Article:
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Pfc. Gary Odom uses his inflated Army Combat Uniform jacket to float through the pool.

Pfc. Gary Odom uses his inflated Army Combat Uniform jacket to float through the pool. (Photo by Erik Slavin/S&S)

Pfc. Gary Odom uses his inflated Army Combat Uniform jacket to float through the pool.

Pfc. Gary Odom uses his inflated Army Combat Uniform jacket to float through the pool. (Photo by Erik Slavin/S&S)

Pfc. Thomas Pappaianni carries Pfc. Matthew Baumann through a pool during a lifesaving exercise Thursday at Camp Casey, South Korea. Soldiers from the 2nd Infantry Division’s "Bushmasters" of Bravo Battery, 6th Battalion, 37th Field Artillery, along with five cooks and medics, learned water survival and combat life-saving techniques during their weekly sergeant’s time training. After the water training, the soldiers also took a first aid refresher course.

Pfc. Thomas Pappaianni carries Pfc. Matthew Baumann through a pool during a lifesaving exercise Thursday at Camp Casey, South Korea. Soldiers from the 2nd Infantry Division’s "Bushmasters" of Bravo Battery, 6th Battalion, 37th Field Artillery, along with five cooks and medics, learned water survival and combat life-saving techniques during their weekly sergeant’s time training. After the water training, the soldiers also took a first aid refresher course. (Photo by Erik Slavin/S&S)

CAMP CASEY, South Korea — After a six-mile early-morning road march Thursday, 46 soldiers went for a swim — in their uniforms.

The 2nd Infantry Division soldiers — mainly from Bravo Battery, the "Bushmasters" of 6th Battalion, 37th Field Artillery — got a lesson in drown-proofing and combat lifesaving at the Hanson Gym Pool.

Soldiers carried each other overhead through the water and then learned how to use their uniform pants and jackets to float.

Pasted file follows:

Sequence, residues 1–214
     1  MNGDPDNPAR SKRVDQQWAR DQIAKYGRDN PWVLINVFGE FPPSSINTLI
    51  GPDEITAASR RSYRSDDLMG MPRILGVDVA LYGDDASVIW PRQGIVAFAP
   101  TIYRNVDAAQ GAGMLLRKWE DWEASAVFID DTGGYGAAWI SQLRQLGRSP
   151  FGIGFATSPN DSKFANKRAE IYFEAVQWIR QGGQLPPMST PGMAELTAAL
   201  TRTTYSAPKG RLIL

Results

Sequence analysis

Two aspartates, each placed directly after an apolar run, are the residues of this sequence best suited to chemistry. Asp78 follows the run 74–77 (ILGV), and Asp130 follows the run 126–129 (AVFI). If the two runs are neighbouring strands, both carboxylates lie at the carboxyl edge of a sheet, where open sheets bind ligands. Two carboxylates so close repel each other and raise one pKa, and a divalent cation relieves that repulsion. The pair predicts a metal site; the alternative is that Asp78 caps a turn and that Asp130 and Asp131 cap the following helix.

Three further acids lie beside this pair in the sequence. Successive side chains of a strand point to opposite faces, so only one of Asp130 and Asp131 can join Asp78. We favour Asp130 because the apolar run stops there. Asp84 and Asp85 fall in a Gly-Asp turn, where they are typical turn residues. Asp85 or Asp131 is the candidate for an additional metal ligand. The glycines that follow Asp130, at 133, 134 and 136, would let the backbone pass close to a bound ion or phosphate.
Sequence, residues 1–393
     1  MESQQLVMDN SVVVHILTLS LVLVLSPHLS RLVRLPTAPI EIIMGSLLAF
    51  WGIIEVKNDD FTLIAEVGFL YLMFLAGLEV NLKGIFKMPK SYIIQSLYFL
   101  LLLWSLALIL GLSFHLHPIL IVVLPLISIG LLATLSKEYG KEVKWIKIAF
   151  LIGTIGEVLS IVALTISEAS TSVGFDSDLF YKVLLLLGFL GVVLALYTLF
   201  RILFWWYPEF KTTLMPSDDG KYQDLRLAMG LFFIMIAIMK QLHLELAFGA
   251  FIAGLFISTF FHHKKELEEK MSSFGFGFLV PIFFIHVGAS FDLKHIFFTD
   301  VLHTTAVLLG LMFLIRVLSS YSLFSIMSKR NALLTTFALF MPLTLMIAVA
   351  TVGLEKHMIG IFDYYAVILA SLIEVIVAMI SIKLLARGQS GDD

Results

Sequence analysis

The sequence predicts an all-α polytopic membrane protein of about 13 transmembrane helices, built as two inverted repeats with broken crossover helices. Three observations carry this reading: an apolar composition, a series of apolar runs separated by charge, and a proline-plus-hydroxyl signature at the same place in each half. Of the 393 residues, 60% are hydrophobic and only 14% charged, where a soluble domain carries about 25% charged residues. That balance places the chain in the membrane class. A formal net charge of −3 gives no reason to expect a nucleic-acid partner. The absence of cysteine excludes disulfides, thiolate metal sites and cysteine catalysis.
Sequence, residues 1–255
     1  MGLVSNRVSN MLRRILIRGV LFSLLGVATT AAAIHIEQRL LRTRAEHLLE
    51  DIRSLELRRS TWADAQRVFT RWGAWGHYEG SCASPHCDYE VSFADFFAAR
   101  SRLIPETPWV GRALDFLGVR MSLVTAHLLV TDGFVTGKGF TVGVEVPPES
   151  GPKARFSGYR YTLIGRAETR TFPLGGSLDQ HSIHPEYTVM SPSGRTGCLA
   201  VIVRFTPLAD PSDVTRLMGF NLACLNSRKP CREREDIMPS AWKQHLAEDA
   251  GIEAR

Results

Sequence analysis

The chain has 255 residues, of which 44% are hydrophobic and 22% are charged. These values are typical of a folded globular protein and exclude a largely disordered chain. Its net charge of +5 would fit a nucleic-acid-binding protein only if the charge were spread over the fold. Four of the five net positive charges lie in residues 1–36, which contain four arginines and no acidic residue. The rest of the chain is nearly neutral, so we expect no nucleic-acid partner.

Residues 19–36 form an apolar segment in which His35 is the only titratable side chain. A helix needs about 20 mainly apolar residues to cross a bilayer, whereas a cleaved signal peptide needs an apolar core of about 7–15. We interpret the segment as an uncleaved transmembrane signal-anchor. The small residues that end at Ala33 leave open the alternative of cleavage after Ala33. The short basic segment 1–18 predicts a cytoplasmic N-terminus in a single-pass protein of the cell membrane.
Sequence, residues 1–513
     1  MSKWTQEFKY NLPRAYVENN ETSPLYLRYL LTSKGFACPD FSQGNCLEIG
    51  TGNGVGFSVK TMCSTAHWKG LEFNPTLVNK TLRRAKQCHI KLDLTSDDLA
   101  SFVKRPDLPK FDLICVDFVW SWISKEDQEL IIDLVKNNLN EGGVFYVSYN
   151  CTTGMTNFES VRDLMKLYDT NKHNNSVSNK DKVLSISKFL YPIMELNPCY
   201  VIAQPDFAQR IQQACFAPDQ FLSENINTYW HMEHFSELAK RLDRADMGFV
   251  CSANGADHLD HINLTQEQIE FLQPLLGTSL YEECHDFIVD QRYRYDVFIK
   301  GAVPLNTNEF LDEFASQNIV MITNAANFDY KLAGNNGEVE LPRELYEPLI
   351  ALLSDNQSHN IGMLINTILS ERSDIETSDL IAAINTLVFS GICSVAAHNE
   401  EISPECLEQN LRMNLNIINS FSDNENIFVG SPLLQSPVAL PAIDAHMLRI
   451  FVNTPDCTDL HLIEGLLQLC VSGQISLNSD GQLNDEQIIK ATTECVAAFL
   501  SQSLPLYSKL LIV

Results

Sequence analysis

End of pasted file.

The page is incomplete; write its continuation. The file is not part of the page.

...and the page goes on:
"I first did this type on training 20 years ago in the Boy Scouts," said Pfc. Thomas Pappaianni of New York.

Each soldier also did it in basic training, but many said they were glad to get the refresher training. Soldiers who spend their days firing rockets and maintaining launchers don’t spend much time in the water.

The lesson was part of sergeant’s time training, which each 2nd ID unit is supposed to conduct every Thursday. The training can include anything from office procedure to weapons functions, or in this case, combat lifesaving.

"We make sure we give them a variety. You can’t have tunnel vision when it comes to sergeant’s time training," said 1st Sgt. Kirk Hamlin of Hampton, Va.

Soldiers learned multiple ways to tie off the ends of their jackets or pants, trap air inside them and wrap them around their necks.

Some, like Sgt. Brian Ribbans of Columbus, Ohio, hadn’t been swimming in a long time.

The last time he had drown-proofing training, soldiers wore the woodland-style battle dress uniform, instead of today’s Army combat uniform.

"The top doesn’t float as well in ACUs," said Ribbans, who added that the day’s training was good for unit morale.

It’s also important because soldiers can easily end up in units outside their specialty, or even outside their military branch, during wartime, said battery commander Capt. Mario Logli.

"They might find themselves on a ship with a Marine unit," said Logli, of Stockport, Iowa. "It’s better to prepare them now than to set them up for failure in the future."

When they got out of the pool, they received a crash course in recognizing and treating shock, making splints and applying tourniquets.

Shock is one of the most common causes of casualties, said medic Spc. Gregory Morgan. At the very least, a soldier should elevate a shock casualty’s legs, cover the person for warmth, hydrate the victim and seek medical attention, he said.

While every soldier receives basic first aid training, the Army wants one soldier in every vehicle to have taken a one-week combat lifesaver certification course. But even that may change, medics said.

"The Army is moving toward 100 percent combat lifesaver certification and 6-37 is aggressively pursuing that," Morgan said.

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